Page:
Monday, June 07, 2010
Tent City, Haiti
Almost six months out from the earthquake, the most noticeable change to my eye is the tents: they are everywhere, some places in huge camps, sometimes in small groups, and occasionally there will be a lone canvas pitched off by itself. The tents are in industrial areas, on private property, on government property. They are often found where houses were once located. There are even tents in the medians of roads.
This is not to say that other effects of the earthquake aren't obvious. Rubble is strewn everywhere, more than usual. Half completed buildings hang in ruins. Certain parts of the city were damaged more than others: the Delmas section of Port-au-Prince appears to have been particularly hard hit, A portion of the road Delmas 31 was destroyed and we had to hike down through a steep gully and cross a dirty stream to make our way down the street. The inpatient unit at Grace Children's Hospital on Delmas 31, a special place to us, is not functioning and tents serve as the outpatient clinics.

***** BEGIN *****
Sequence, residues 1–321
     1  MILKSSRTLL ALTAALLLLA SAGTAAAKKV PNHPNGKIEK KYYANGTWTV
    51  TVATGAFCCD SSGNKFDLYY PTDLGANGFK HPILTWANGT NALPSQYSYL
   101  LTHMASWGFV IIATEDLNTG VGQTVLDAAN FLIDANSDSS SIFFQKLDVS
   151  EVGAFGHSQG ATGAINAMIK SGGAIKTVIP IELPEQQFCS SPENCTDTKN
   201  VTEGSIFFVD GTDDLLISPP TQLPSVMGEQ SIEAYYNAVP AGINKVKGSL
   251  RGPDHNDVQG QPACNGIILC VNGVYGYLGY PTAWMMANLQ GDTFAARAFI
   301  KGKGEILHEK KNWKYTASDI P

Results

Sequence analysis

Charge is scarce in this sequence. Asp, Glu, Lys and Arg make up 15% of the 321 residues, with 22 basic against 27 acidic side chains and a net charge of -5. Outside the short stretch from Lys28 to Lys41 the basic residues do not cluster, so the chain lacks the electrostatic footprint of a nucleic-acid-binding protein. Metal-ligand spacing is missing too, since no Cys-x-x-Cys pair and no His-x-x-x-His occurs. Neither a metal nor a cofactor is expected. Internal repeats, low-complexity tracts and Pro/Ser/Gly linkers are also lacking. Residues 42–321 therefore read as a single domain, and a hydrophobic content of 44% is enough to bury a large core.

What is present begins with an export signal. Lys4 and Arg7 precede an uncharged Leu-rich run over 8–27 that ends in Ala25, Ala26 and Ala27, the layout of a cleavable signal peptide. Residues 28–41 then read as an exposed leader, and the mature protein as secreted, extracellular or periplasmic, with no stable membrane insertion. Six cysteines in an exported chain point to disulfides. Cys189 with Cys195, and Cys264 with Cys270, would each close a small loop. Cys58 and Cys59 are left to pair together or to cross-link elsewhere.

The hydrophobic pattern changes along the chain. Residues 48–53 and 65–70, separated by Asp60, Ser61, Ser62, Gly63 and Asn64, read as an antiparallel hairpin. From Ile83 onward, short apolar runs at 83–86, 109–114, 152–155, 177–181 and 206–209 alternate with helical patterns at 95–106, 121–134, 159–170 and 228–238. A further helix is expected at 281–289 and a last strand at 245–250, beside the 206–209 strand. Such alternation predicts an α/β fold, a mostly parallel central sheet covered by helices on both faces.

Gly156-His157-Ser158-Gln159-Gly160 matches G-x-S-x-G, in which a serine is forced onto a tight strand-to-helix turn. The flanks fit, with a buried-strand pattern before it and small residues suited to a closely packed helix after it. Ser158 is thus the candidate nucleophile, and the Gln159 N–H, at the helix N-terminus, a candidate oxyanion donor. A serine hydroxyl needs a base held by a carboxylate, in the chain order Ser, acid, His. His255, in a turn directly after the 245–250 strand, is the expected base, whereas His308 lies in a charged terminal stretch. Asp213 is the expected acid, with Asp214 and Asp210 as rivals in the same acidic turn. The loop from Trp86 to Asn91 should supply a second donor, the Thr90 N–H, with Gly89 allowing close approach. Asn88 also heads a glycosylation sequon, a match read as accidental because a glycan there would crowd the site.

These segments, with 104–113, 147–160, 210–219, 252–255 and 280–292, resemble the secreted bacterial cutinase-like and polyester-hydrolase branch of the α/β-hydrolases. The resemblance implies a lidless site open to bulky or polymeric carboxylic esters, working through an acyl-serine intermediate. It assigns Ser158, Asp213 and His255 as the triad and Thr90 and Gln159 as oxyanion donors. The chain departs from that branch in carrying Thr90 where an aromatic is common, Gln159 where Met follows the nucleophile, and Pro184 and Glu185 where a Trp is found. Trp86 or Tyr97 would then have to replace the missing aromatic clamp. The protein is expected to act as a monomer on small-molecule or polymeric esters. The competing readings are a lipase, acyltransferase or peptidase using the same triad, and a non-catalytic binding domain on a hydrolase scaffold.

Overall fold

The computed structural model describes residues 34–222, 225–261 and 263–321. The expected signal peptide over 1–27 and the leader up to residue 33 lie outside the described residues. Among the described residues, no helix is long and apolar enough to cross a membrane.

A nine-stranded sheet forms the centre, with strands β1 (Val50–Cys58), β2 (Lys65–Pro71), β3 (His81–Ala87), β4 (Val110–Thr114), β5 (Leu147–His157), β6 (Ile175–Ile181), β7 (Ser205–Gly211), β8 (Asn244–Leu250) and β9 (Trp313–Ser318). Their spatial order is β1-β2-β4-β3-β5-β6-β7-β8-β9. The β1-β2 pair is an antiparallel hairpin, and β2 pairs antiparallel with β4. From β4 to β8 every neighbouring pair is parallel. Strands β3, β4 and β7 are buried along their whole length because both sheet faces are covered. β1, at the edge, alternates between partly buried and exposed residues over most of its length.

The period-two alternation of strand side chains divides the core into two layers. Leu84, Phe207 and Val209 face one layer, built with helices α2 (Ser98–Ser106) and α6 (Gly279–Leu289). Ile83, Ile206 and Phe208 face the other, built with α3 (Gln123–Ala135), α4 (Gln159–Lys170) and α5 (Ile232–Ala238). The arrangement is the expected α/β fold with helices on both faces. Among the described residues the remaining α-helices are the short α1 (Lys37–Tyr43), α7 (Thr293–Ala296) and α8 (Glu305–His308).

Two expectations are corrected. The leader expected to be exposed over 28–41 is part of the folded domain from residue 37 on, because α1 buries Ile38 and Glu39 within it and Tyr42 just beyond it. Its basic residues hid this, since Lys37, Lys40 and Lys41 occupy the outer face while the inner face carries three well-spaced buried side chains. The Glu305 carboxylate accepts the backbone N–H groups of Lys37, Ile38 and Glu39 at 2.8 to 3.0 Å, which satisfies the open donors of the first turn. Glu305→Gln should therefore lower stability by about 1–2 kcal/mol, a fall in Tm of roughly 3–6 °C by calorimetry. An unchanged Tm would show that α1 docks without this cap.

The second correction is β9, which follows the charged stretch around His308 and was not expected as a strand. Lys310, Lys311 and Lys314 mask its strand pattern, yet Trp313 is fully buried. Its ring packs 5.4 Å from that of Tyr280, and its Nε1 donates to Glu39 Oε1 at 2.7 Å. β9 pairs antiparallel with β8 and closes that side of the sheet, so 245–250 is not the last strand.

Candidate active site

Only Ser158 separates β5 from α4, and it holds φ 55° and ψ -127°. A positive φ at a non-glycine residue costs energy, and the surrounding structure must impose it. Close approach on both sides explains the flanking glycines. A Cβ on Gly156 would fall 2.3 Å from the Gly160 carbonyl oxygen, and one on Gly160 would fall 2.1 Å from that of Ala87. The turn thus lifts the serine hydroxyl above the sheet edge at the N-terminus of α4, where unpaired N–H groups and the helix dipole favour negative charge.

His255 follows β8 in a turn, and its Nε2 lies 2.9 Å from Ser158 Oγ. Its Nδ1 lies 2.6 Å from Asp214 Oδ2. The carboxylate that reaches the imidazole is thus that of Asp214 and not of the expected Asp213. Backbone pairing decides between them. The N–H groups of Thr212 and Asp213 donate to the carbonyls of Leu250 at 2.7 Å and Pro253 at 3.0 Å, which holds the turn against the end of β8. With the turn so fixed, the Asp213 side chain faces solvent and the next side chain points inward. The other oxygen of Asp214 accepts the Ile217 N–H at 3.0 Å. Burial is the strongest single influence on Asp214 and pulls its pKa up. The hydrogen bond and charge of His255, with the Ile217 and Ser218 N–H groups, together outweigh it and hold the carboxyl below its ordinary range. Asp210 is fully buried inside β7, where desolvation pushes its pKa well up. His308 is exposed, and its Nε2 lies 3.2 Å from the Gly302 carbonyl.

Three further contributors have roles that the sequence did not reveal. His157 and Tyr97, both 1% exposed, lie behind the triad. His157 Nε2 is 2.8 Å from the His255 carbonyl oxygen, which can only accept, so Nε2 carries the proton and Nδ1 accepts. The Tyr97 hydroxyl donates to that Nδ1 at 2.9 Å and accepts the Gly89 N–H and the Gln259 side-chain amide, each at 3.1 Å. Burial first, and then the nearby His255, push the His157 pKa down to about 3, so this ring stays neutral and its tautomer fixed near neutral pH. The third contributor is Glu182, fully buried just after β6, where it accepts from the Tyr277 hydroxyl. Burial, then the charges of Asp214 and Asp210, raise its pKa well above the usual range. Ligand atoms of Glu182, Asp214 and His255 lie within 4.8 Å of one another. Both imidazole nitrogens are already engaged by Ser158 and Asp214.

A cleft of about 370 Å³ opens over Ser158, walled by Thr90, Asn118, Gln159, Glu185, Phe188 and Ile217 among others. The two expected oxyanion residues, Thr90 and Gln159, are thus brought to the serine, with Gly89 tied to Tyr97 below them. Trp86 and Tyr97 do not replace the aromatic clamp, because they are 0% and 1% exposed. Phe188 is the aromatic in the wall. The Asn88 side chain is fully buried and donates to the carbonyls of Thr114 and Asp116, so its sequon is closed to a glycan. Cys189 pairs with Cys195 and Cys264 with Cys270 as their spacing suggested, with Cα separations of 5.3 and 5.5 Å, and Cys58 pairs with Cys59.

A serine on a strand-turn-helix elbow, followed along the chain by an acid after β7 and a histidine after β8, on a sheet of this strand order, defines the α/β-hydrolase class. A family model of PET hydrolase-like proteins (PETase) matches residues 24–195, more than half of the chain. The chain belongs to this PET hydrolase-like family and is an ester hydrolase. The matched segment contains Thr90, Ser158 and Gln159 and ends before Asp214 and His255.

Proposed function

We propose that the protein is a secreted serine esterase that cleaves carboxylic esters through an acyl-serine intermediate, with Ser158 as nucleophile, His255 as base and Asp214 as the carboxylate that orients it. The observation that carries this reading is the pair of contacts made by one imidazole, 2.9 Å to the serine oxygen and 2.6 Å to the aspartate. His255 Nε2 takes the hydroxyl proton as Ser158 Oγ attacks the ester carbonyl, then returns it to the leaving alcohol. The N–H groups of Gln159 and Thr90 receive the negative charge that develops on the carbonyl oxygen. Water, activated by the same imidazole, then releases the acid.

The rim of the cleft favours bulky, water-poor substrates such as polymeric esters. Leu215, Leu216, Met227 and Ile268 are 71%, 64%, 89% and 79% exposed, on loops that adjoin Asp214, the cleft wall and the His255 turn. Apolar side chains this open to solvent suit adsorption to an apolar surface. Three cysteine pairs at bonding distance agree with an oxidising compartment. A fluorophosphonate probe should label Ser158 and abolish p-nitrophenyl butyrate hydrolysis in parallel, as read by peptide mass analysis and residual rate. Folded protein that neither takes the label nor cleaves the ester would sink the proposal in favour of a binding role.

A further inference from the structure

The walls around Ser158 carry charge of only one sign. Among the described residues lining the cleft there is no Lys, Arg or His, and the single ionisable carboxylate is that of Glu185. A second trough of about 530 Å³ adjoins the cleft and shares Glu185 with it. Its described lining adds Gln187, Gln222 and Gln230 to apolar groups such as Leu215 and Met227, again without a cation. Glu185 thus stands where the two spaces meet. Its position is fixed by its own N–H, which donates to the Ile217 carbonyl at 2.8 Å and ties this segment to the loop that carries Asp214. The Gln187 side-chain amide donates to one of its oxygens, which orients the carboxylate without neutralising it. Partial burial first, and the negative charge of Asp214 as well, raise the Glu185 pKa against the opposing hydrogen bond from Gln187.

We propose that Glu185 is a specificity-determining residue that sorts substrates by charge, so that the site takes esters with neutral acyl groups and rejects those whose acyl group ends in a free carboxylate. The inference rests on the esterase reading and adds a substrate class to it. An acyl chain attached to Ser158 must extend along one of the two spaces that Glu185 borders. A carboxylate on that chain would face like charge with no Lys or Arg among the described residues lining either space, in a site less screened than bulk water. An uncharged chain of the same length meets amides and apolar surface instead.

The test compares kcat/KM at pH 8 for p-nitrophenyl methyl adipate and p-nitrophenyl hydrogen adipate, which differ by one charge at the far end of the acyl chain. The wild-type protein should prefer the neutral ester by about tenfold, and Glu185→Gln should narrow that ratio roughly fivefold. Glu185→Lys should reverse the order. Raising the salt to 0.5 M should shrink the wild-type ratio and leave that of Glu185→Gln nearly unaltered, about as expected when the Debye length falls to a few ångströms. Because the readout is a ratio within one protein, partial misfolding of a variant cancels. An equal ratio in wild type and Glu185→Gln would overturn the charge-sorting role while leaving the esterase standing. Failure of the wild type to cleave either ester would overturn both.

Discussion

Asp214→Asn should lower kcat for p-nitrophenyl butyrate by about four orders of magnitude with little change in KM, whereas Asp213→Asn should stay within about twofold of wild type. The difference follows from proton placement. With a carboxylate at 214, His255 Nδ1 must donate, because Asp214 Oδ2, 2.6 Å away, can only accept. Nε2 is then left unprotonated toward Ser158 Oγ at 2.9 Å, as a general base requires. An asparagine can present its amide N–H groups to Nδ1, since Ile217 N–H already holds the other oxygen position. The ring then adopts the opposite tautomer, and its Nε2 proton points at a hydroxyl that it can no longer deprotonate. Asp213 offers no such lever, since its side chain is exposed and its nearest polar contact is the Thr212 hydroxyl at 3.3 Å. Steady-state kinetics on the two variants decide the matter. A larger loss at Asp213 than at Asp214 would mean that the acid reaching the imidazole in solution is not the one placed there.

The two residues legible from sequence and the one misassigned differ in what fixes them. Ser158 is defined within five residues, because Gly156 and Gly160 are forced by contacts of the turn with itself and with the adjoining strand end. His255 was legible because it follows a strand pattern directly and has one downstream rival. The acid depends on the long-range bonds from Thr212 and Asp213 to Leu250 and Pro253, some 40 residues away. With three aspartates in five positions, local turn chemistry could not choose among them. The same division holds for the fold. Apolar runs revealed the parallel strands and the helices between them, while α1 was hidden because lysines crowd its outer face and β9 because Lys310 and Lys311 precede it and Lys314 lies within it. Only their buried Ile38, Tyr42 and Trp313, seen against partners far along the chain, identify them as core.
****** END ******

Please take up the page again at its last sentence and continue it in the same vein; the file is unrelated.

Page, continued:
One of our Haitian Hearts patients, Jenny G., pictured below, is standing next to the car she slept in the first two months after the earthquake and the tent that served as her bedroom after this.
So it is the tents that may be the most ubiquitous symbol of the earthquake.